So many puns…
Social media has been sent into meltdown, after images of thousands of fat innkeeper worms washed up on a beach.
Although they are a type of worm, they are widely referred to as the “penis fish”.
The worms bury themselves deep beneath the sand, but recent storms have uprooted them and Drakes Beach, about 50 miles north of San Francisco, has been covered in the creatures.
Just in case you’re wondering why these little critters are known as penis fish… well just have a look at them and decide for yourself whether it’s an appropriate name or not.
View this post on Instagram
SHOOK 😳 Thousands of these marine worms—called fat innkeeper worms, or “penis fish”—were found on Drake’s Beach last week! These phallic organisms are quite common along the West coast of North America, but they spend their whole lives in U-shaped burrows under the sand, so few beachgoers are aware of their existence. ⛈🌊 A recent storm in Northern California brought strong waves that washed away several feet of sand from the intertidal zone, leaving all these fat innkeeper worms exposed on the surface. 🏖 Next time you go to the beach, just think about the hundreds of 10-inch, pink sausages wiggling around just a few feet under the sand. 🙃 . . Get the full story in our new #AsktheNaturalist with @california_natural_history via link in bio! (📸: Beach photo courtesy David Ford; Worm photo by Kate Montana via iNaturalist)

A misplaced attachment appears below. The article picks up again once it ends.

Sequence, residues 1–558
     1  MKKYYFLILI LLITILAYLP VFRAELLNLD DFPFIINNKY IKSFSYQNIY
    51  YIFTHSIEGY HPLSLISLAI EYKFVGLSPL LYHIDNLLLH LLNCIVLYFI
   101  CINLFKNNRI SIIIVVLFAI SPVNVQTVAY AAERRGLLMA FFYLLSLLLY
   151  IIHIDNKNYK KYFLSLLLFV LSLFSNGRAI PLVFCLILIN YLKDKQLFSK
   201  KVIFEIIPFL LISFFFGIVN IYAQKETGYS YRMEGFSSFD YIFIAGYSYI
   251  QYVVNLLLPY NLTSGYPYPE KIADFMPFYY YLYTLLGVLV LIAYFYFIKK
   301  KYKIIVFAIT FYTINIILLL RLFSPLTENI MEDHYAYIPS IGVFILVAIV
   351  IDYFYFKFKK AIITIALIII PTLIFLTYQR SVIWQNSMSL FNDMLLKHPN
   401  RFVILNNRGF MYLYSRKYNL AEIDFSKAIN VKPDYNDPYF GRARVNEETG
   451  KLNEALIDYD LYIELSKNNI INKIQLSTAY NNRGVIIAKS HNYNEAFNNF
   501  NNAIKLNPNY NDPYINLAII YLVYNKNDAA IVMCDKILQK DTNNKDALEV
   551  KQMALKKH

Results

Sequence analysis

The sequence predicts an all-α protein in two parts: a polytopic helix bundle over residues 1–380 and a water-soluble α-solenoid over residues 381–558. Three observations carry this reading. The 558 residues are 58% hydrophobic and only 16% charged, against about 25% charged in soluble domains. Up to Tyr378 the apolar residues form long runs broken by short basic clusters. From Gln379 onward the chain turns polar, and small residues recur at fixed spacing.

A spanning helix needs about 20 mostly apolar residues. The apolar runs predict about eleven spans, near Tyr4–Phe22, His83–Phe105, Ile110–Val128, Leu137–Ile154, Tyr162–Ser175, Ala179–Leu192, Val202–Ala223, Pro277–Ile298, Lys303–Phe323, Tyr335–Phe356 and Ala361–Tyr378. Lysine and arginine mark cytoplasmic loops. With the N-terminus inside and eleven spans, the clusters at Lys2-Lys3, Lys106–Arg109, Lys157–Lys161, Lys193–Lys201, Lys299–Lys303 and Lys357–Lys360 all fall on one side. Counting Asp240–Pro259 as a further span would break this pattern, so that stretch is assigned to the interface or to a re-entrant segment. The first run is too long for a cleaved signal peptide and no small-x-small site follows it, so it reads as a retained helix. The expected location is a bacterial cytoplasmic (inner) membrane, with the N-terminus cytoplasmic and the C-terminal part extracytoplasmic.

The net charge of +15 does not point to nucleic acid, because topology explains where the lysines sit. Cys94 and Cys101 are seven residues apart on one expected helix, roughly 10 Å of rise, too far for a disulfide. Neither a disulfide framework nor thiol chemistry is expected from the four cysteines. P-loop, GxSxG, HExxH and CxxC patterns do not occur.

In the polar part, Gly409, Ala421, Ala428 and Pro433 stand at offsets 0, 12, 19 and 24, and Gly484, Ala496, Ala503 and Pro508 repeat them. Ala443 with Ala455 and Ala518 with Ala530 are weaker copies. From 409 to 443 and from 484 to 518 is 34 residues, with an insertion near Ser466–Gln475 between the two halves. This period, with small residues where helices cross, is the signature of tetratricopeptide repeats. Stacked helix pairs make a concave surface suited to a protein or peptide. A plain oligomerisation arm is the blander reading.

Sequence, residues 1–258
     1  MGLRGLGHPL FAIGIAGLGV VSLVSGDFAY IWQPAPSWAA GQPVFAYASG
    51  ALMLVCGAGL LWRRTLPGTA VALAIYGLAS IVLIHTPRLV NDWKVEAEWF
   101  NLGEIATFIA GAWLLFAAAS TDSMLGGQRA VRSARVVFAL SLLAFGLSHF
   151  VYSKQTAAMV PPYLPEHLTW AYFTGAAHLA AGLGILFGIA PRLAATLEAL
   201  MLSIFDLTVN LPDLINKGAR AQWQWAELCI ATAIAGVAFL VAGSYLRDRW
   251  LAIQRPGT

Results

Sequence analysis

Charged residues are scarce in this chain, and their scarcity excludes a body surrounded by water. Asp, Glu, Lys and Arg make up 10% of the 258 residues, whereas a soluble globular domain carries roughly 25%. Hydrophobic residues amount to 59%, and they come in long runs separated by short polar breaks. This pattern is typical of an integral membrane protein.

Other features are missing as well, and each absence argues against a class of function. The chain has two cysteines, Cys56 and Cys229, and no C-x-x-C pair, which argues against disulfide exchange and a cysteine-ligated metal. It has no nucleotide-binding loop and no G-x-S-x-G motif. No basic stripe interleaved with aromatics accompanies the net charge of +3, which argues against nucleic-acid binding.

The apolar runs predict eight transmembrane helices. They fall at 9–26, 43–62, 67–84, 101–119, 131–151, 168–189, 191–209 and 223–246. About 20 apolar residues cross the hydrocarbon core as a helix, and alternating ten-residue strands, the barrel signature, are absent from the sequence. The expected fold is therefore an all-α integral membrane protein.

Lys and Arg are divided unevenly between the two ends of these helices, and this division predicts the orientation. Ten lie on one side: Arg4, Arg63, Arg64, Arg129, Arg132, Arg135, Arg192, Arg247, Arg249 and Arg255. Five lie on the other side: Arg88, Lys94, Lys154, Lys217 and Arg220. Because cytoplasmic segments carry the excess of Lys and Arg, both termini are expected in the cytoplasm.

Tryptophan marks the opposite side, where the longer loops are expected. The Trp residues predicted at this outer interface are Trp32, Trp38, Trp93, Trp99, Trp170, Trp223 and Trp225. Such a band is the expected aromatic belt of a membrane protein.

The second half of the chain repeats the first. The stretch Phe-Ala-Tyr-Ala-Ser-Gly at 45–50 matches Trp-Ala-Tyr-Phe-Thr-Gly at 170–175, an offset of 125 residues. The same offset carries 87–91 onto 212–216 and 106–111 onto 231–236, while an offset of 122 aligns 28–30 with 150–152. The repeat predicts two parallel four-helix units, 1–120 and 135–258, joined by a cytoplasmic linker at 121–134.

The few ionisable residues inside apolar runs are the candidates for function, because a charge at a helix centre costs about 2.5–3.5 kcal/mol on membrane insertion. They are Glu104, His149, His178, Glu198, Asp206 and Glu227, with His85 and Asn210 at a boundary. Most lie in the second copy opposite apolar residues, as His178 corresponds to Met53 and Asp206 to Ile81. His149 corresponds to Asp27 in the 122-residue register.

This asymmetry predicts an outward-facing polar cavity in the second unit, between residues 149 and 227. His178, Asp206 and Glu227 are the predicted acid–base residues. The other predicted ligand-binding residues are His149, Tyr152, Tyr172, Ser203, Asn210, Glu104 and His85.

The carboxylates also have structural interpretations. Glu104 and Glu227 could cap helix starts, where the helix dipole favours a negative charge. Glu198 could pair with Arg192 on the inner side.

Biologist Ivan Parr discovered the ‘penis fish’ washed up on the beach on December 6, a few days after a particularly violent storm.
In Bay Nature, Parr wrote: “The same phenomenon has been reported over the years at Pajaro Dunes, Moss Landing, Bodega Bay, and Princeton Harbor,
“I’ve heard my share of imaginative theories from beachcombers, such as flotsam of a wrecked bratwurst freighter.
“In truth, these are living denizens of our beaches rudely, yet also mercifully, mostly called ‘fat innkeeper worms.”
Fun facts about the fat innkeeper worm or ‘penis fish’.
- They can live for around 25 years, in some cases.
- In some cultures they’re considered a delicacy.
- In Korea and China people eat them with sesame oil and gochujang.
- In order to catch the plankton and bacteria that it eats, the worm casts what is known as a ‘slime net’ that it then devours afterwards.